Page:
Shoulder mount systems can vary in cost from $150 to the thousands so you would do yourself a service by researching what works best for you (some of them can be quite uncomfortable to carry as they may not be weighted properly so you need to be careful). Attachable monitors and eye pieces not only allow you to view your image in magnified ways, they’re also instrumental when it comes to shoulder rigs. It’s almost impossible to view your image due to the placement of the camera on a shoulder mount. Ergo, these are devices that help to circumvent that problem. The eye piece (or “loupe”) attaches to the LCD display on the back of your Canon 7D Mark II or Sony Alpha 7R2. So you can treat that as if by looking through a view finder. While they are much, much less expensive than an attachable monitor, the drawback can involve considerable eyestrain. But they work. And can run you less than $50, even $20. Whereas the attachable monitor could cost you up to thousands of dollars.
A follow focus wheel is also important due to the challenge of having your camera mounted on a rig that is affixed to your shoulder. This, too, can be reasonably priced and often are included with some shoulder mount kits.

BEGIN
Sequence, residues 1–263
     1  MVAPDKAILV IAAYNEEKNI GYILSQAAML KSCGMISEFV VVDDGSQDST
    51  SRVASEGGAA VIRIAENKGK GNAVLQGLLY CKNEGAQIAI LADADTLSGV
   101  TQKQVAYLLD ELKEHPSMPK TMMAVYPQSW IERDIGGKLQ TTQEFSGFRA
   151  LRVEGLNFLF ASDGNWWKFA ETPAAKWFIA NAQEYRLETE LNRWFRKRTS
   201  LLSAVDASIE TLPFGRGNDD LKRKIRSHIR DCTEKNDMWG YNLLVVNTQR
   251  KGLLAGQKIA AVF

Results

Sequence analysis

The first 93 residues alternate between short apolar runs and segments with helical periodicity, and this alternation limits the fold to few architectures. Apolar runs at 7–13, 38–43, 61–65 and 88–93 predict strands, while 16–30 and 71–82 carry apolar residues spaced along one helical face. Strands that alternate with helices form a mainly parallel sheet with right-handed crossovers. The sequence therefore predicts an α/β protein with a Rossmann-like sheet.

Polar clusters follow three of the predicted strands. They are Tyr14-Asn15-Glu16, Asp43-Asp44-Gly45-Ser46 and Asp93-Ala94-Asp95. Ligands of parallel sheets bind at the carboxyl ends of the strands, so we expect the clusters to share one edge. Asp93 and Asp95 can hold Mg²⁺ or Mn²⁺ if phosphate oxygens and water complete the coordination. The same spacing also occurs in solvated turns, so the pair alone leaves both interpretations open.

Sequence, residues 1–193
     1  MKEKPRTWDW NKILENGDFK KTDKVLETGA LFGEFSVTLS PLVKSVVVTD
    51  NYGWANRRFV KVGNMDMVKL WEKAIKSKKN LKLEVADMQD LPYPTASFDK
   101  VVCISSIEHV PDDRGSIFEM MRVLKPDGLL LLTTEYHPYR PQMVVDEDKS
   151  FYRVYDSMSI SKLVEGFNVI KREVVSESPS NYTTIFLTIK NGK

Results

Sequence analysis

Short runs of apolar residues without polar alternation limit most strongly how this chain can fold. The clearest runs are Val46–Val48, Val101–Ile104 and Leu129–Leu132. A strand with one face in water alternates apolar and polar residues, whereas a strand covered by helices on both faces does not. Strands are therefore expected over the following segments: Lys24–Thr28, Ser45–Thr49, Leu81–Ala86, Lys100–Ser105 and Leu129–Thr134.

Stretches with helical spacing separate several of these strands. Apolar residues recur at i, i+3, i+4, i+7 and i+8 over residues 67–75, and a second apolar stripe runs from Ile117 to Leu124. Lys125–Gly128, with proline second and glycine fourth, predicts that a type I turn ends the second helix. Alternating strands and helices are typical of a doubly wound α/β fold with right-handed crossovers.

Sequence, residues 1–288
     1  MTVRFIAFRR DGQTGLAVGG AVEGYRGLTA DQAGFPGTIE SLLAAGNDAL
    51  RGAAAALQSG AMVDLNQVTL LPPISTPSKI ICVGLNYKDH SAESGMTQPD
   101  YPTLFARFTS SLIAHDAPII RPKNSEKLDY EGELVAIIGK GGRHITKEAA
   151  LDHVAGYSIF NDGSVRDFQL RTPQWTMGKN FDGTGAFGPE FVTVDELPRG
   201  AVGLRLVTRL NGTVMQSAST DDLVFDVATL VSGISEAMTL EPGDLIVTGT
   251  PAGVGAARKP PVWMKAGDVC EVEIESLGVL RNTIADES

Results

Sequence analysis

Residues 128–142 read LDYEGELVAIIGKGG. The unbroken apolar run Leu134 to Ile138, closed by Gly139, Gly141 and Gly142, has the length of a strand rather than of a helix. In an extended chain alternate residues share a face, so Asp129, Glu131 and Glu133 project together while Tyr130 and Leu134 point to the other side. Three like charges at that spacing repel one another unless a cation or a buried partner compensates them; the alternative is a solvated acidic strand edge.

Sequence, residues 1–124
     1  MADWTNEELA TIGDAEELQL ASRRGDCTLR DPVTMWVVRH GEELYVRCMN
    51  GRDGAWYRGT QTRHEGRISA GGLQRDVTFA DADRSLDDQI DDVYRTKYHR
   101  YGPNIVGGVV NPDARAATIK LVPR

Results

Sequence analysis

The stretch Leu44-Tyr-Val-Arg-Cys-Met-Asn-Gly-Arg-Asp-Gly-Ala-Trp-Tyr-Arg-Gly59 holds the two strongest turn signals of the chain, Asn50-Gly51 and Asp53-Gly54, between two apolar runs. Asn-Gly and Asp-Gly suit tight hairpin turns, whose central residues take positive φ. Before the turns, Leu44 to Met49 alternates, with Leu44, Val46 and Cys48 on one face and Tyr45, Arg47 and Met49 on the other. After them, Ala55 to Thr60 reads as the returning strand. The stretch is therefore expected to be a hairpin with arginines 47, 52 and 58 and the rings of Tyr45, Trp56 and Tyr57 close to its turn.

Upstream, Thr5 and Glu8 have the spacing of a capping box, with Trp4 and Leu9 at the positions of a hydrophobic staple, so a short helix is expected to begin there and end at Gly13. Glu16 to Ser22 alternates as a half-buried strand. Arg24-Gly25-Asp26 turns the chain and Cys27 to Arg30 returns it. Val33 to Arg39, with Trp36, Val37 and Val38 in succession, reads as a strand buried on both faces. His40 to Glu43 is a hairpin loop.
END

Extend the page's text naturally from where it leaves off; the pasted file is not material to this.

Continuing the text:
On camera lights are paramount when it comes to low light conditions. There is just no way around this unless you’re in the field and undercover while attempting to record something devious on camera without letting your subjects know they are being filmed (provided that your DSLR has a really fast ISO). Good news is there are some very decent lights on the market that are reasonably priced. Most you would have to spend is $350 for the kind of light you will actually need and a lot of these toys can be powered by your camera battery, or a battery from any other camera that is no longer in use.
When it comes to actually shooting video with your DSLR, there might be some confusion when it comes to frame rates. It’s enough to have to worry about shutter speed, white balance, aperture and ISO only to have to deal with how objects in motion are effected by these factors. But, again, it’s actually pretty simple. As of now there are only three frame rates you should be concerned with: 24 fps, 30 fps and 60fps. Most videographers shoot at 24 fps (some at 25 fps but that’s not a factor when using a DSLR camera) as it simulates the progressive scan quality of film. 30 fps is the frame rate for what used to be a broadcast or television standard. Hence that video look ala cable news or a day time soap opera. But even for that format, most videographers are shooting in 24 fps as most HD technology is progressive scan anyway.
(let me digress a bit. “Progressive scan” was a term applied towards analog film. That is, the illusion of motion acquired though the rapid succession of still images. Like a flip book. Or a sequence of frames running through the lens of a film projector. Prior to the existence of pixel dominated HD TV and LCD screens, broadcast television engaged in “interlaced” technology. Where the image appeared via a series of very thin lines streaming across a tube. These days most cameras and monitors output in an actual or simulated form of progressive scan)